Summer Herbs Sendoff Meal

0

I had a modestly successful garden this summer. I managed to grow some eggplant, some herbs, some leaf lettuces, some tomatoes and a bumper crop of hot peppers (apparently too spicy for the critters).

The melons, zucchini, kale and watercress were pretty much a failure. But there’s always next year.

As the cold weather descends, I have had to say goodbye to my garden and harvest what is left before the frost takes it. This meant some straggling dill and basil. I was particularly proud of the dill crop, which I grew this year from seed and am hoping returns on its own next year.

I felt the need to do justice to these plants, which nourished me in both body and soul for the past six months, so I created the following dishes.

Basil pesto is, of course, delicious and fairly traditional. Mixing the pesto with ricotta and using the mixture to top roasted eggplant was the work of a moment, and turned out a delicious side that was both light and hearty. It could certainly stand on its own for a vegetarian meal.

The dill pesto was a bit more of a revelation. I riffed on traditional basil pesto but swapped out almonds for pine nuts and added a healthy squeeze of lemon juice and a sprinkle of zest. The effort yielded a bright, fresh sauce that was heaven-sent to complement fish. I used half on the flounder as described below and froze the rest for a winter day when I will need reminding that summer (and gardening season) will arrive in due course.


Basil Pesto | Dairy
Makes about 1 cup
This can be made pareve by omitting cheese; in that case, the pesto may need additional salt.
3 cups fresh basil leaves
4 cloves garlic
½ cup olive oil
½ cup Parmesan cheese
2 tablespoons pine nuts
Sprinkle of red pepper flakes
Salt to taste

Place all the ingredients in a food processor and puree until smooth. Store the pesto in a sealed container in the refrigerator for up to a week or freeze it for several months.

Roasted Eggplant with Ricotta Pesto | Dairy
Serves 4
Choose eggplants of equal size and thickness to ensure uniform cooking.
4 small-to-medium-sized eggplants (Japanese or similar varietal)
¼ cup olive oil
1 teaspoon kosher salt
1 teaspoon black pepper
1 cup ricotta cheese
¼ cup pesto

In a large glass baking dish, place the olive oil salt and pepper — tilt to coat the surface and allow the salt to melt.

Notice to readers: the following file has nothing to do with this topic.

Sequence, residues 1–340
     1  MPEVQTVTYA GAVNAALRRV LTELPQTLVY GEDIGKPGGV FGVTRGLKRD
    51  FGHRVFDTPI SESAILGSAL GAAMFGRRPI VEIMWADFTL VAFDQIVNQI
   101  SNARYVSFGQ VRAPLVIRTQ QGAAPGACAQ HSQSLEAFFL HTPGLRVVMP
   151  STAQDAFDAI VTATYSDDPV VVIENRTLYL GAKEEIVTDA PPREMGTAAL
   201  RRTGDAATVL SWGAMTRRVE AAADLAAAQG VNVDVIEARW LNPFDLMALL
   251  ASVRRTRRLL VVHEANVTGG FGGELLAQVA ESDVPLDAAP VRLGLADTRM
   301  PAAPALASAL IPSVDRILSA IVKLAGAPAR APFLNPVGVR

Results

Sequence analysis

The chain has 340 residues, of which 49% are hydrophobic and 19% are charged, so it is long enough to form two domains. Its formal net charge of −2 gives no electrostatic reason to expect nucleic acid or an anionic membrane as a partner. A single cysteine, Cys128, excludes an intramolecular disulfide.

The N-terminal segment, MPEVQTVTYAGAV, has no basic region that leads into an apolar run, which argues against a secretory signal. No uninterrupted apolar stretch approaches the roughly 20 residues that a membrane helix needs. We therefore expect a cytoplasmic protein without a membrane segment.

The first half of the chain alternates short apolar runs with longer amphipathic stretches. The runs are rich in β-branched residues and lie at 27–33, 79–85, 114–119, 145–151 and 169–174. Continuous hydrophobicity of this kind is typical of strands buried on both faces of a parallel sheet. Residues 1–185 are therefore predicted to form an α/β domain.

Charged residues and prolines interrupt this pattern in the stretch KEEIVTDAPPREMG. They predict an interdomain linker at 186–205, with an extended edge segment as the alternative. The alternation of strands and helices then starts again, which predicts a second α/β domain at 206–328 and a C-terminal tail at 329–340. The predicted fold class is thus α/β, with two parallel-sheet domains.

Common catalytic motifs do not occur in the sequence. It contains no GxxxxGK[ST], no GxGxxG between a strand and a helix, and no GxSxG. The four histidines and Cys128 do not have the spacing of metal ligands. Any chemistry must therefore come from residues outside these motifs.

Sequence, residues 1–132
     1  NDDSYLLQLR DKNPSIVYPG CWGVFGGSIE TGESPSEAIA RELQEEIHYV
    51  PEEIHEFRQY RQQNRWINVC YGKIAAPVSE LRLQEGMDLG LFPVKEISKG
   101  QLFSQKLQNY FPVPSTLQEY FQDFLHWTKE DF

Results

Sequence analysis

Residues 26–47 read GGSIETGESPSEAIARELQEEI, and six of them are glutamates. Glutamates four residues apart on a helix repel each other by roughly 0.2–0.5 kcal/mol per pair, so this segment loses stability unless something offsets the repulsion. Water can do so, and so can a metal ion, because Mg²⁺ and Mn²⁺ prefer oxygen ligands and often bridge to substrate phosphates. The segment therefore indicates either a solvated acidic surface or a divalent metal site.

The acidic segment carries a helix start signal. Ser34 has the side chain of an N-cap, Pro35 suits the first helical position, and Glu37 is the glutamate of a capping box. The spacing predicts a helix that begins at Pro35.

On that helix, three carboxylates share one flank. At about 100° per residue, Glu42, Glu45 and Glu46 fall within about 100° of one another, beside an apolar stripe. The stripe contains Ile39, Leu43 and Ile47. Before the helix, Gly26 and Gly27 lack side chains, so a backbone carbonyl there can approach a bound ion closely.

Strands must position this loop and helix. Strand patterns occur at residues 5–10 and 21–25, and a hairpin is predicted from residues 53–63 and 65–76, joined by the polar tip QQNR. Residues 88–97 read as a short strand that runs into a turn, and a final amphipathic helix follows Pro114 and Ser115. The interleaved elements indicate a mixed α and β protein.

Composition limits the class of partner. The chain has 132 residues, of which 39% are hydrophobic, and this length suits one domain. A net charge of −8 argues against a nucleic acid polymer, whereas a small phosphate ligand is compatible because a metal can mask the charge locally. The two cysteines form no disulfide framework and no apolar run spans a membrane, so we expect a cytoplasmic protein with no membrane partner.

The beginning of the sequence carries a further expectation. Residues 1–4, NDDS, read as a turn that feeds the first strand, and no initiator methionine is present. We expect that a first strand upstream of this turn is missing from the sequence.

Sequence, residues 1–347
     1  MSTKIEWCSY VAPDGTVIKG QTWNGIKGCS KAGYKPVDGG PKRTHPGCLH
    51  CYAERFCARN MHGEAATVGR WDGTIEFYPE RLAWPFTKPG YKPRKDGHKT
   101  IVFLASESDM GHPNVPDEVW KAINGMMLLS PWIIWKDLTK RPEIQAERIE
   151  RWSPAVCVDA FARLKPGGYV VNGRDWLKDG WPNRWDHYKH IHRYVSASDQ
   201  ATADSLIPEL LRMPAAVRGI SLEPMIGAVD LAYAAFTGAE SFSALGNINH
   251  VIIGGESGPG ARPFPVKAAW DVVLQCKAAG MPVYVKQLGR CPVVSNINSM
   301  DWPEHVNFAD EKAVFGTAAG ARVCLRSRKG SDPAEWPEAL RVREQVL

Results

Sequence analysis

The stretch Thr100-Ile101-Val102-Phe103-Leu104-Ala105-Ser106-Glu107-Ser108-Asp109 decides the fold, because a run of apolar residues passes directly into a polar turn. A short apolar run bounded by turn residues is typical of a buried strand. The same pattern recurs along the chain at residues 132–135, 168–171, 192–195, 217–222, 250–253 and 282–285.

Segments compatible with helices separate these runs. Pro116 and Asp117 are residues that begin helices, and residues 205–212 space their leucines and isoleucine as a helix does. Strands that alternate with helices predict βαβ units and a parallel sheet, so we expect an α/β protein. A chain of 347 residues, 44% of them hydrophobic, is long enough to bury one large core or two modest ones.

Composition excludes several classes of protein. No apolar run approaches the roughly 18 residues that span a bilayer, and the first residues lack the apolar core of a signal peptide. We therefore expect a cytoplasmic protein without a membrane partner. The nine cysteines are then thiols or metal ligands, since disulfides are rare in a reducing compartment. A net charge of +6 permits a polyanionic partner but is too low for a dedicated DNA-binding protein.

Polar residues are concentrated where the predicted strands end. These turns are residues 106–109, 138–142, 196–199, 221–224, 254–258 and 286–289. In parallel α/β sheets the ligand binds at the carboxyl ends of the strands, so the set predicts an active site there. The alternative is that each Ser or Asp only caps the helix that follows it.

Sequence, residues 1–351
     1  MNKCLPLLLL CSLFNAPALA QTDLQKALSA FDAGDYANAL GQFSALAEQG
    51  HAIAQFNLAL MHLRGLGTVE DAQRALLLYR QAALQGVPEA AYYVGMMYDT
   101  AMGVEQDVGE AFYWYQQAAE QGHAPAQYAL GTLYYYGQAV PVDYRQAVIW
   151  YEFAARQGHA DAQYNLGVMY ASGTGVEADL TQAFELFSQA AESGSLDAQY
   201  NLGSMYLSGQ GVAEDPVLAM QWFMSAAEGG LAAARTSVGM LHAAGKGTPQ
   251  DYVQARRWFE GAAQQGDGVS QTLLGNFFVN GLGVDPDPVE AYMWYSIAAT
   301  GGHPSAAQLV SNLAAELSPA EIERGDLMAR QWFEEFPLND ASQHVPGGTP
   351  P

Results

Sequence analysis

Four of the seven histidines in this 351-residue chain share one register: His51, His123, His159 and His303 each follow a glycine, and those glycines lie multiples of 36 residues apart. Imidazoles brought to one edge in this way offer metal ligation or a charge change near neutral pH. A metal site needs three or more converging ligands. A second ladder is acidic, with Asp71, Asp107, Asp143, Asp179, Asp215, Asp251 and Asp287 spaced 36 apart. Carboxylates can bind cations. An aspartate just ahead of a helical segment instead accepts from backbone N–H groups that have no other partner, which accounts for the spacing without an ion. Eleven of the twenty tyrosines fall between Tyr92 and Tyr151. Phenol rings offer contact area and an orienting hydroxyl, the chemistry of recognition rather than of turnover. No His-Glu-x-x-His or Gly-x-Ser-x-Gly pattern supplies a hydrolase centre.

Cut the eggplants in half lengthwise and make shallow hash marks in the flesh. Place the eggplants in the oil face down and allow them to sit for about an hour. This will enable the oil to absorb, which infuses flavor and expedites cooking.

Heat your oven to 400 degrees F. Turn the eggplants cut side up and roast them in the oven for about 30 minutes until cooked through; the tops should be lightly browning at the edges and the flesh should be totally soft.

While the eggplants cook, mix the ricotta with the pesto. When the eggplants are done, spread each with a generous schmear of the cheese mixture.

Dill Pesto | Dairy
Makes about 1 cup
Like its basil brother, this can be made pareve by omitting the cheese and adding a bit more salt.
3 cups fresh dill, thick stems removed
3 tablespoons roasted almonds
½ cup mild oil such as canola or vegetable
½ cup grated Parmesan cheese
1 lemon, zest and juice
3 cloves garlic
Salt to taste

Place all the ingredients in a food processor and puree until smooth. Store it in a sealed container in the refrigerator for up to a week or freeze it for several months.

Flounder With Dill Pesto
Serves 4
This can be made with any fish — salmon, trout, cod, etc. Just be sure to adjust the cooking time for thicker fillets.
4 flounder fillets
1-2 lemons, zest and juice
½ stick butter
Salt and pepper
6-8 tablespoons dill pesto
Heat your oven to 300 degrees F.

Cut the butter into small pieces and sprinkle half of it around the bottom of the pan. Place the fillets in the pan and top it with the remaining pieces of butter. Douse the fish evenly with the juice and zest of the lemons and sprinkle it generously with salt and pepper.
Bake for about 25 minutes until the fish is done; it will be opaque throughout and flake easily.

Schmear each fillet with a healthy scoop of the pesto and spread. Serve immediately.

Keri White is a Philadelphia-based food writer.

Never miss a story.
Sign up for our newsletter.
Email Address

LEAVE A REPLY

Please enter your comment!
Please enter your name here